By Ann M. Pearson
I never cease to be thrilled to see new buildings under construction on campus. Blank spots are filled in and meld into our daily comings and goings. The bare uprights represent growth and vitality framing our mission as well as tangible community support since many new building projects come about through large-scale bond initiatives. Structural change in higher education once meant just this—new buildings to house fresher, technologically advanced classrooms, laboratories, and learning spaces for more and more students. As important as new buildings and infrastructure renovations are to our aging colleges, equally due our notice are less visible internal changes that reform our registration, advising, and instructional practices. These modifications keep our student success mission aligned with our reality.
San Jacinto College was an early adopter of many student-centered practices the national Achieving the Dream (AtD) movement recommends. For example, research proves what faculty have long known: Students who miss early classes in a term often can’t catch up and then are not successful in that class. Students can become frustrated; they waste time and money; and they may also allow this setback to discourage them from moving forward with their plan to complete a degree or certificate.
Working from this data, one AtD idea suggests not letting students register after the first class session. So instead of setting our students up to possibly fail, we set them up to more likely succeed. Not only does this commitment on the part of the college represent a great deal of money students will not be spending on late registration, but also it means we must change our scheduling. We need to offer sections that have different start dates and durations to allow students who may have missed the traditional registration deadline to ease into another section without losing an entire semester. No computer system figures out how many sections to offer and when to offer them in this new mixture of terms starting on different dates. Many creative personnel led by Deans and Department Chairs almost constantly scrutinize enrollments and student needs to maximize faculty, classroom space, and online offerings. Faculty may simultaneously teach classes with numerous start and end dates in one given time period, which demands concentration, agility, and organizational skills akin to ninja warriors.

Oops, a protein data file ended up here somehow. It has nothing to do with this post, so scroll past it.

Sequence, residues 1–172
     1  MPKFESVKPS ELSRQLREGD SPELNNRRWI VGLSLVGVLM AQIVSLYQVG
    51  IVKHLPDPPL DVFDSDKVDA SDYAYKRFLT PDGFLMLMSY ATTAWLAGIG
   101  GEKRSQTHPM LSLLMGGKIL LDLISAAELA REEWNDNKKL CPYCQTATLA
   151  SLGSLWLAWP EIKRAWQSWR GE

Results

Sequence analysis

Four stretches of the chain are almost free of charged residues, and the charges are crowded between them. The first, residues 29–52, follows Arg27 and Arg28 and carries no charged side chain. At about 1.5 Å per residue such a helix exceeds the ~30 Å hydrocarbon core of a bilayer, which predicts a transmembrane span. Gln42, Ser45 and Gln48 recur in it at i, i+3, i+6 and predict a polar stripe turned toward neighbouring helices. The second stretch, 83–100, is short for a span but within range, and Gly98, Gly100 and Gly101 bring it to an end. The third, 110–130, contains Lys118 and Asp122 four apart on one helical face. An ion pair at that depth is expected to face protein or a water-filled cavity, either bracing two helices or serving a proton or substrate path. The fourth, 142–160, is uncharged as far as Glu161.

We are also taking a hard look at all aspects of going to college from a student perspective, including applying, registering, scheduling, deciding on a major, and paying for it all. Between government regulations, vast choices, and the-way-we’ve-always-done-it, the tasks students face just getting into a class section can be exhausting. Add to that factors such as aligning with transfer institutions, negotiating work obligations, and balancing family needs, students are understandably overwhelmed—and this is before classes start! We’re holding on to Thoreau’s wise injunction to “simplify, simplify” when it comes to processes so it becomes a mantra and not a cruel joke.
Working with the American Association of Community Colleges (AACC) Pathways project, all departments and offices are examining the steps and potential barriers students face as they move through our college. We want our students to have options—exploration is an important part of the college experience. On the other hand, we also know that too many choices can be make any process more complex than it needs to be (think of the cereal aisle at the grocery store). We can’t eliminate all the steps, but we can simplify many of them and guide our students deliberately so they can focus on the challenges associated with authentic learning. Instead of throwing up our hands in despair and demanding college-ready students (whatever that means), we’re working diligently to be a student-ready college.
If this creative, broad-based attention to our students were a building, it would be the kind of beautiful, award-winning structure proud neighbors show off to visitors because it represents what’s best about dedicated practitioners focused on one goal—student success.